Violations that warrant immediate dismissal from the program include, but are not limited to:

  • Positive drug test
  • Alcohol intoxication and/or being under the influence of alcohol or drugs during program-related sessions
  • Endangering a patient
  • Inappropriate conduct with a patient
  • Endangering self or others in the learning environment
  • Failure to achieve grades of C or pass in Physician Assistant courses or SCPs
  • Failure to remediate any course in which a grade of C or better is not obtained
  • Multiple and/or significant unprofessional behaviors
  • Harassment of any type, including sexual harassment
  • Sexual violence
  • Academic dishonesty
  • Gross conflict of interest
  • Any gross violation of the Code of Professional Conduct

In the event of a student offense for which dismissal is warranted, the Program Director will be notified. The Program Director will call a meeting of the Student Progress and Professionalism Committee (SPPC) who are tasked with reviewing the case. The SPPC may make a recommendation for the student’s dismissal to the Dean of Health Sciences. The process for appeal of a decision for dismissal is described in the Grievance Procedure section of the handbook (XXVIIA). Students who are dismissed from the program are eligible to submit a new application if they wish to re-enroll. Within the application, the student may submit evidence that he or she has addressed the situation for which they were dismissed.

XXVI. Professionalism and Code of Conduct

The principal value of the physician assistant profession is to respect the health, safety, welfare, and dignity of all human beings. (AAPA Code of Ethics). In the Stephens College Physician Assistant program, professionalism is the embodiment of the attitudes and behaviors that promote this value.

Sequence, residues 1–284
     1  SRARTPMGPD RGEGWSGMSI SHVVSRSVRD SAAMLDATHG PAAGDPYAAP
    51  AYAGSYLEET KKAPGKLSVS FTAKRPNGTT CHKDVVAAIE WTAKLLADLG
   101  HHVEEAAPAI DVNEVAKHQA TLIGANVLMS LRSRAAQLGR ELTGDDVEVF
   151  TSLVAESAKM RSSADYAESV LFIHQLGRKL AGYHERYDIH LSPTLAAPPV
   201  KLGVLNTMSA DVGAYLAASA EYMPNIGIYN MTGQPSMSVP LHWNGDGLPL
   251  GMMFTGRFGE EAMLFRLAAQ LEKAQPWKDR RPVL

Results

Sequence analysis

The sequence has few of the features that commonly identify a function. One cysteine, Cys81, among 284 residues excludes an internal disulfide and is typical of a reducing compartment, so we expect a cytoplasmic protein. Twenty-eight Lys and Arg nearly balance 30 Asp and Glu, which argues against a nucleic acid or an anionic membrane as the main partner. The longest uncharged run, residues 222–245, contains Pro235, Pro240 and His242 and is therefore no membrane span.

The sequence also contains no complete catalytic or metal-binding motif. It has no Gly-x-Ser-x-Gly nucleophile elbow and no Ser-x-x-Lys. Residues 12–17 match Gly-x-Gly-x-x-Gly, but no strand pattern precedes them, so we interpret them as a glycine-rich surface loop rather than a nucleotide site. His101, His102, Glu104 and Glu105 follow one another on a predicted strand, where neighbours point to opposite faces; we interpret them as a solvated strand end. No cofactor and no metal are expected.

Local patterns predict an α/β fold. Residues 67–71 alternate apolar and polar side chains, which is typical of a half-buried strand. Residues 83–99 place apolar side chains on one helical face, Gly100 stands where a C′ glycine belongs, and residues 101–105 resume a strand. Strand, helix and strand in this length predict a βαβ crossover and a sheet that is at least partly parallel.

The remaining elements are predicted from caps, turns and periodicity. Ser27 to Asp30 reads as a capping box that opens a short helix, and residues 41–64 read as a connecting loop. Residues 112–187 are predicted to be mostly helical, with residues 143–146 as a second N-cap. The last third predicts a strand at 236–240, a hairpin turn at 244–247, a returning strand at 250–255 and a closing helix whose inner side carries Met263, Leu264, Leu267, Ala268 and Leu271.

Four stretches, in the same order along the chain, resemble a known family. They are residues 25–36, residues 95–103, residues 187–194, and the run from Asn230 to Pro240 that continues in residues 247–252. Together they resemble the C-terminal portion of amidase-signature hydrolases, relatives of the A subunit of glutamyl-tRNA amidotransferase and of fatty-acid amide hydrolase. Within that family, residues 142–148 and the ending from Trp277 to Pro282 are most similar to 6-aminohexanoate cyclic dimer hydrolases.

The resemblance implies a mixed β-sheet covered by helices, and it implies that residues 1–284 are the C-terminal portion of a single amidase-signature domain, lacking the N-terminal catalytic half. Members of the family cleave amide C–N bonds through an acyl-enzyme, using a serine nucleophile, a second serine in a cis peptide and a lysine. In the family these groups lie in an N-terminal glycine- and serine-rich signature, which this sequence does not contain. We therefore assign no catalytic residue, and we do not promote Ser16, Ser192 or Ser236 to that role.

The American Board of Internal Medicine describes medical professionalism as follows:

For many, medical professionalism is the "heart and soul of medicine." More than the adherence to a set of medical ethics, it is the daily expression of what originally attracted them to the field of medicine – a desire to help people and to help society as a whole by providing quality health care.

In addition to the aspects regarding patient care, professionalism for a Physician Assistant includes attitudes and behaviors that promote learning and positive relationships with other students, Physician Assistants, inter-professional colleagues, instructors, supervisors, administrators and the public. Within the classroom, all students and faculty have the right to a learning environment free of verbal abuse, threats, intimidation, harassment, and other conduct that threatens or endangers the physical or mental health or safety of any member of the college community. Class discussions and communications should be free of excessive sarcasm, bullying, caustic or aggressive language or disrespect in tone/words. Students should review their written communication carefully, being aware of challenges such as perceptions and interpretations of others.

A. Code of Professional Conduct

Professional behaviors expected by the Physician Assistant program include:

  • Attendance
  • Timeliness
  • Appropriate participation for each session
  • Appropriate dress, as stated in the student dress code
  • Appropriate hygiene according to standards of local customs
  • Being prepared for lessons and assignments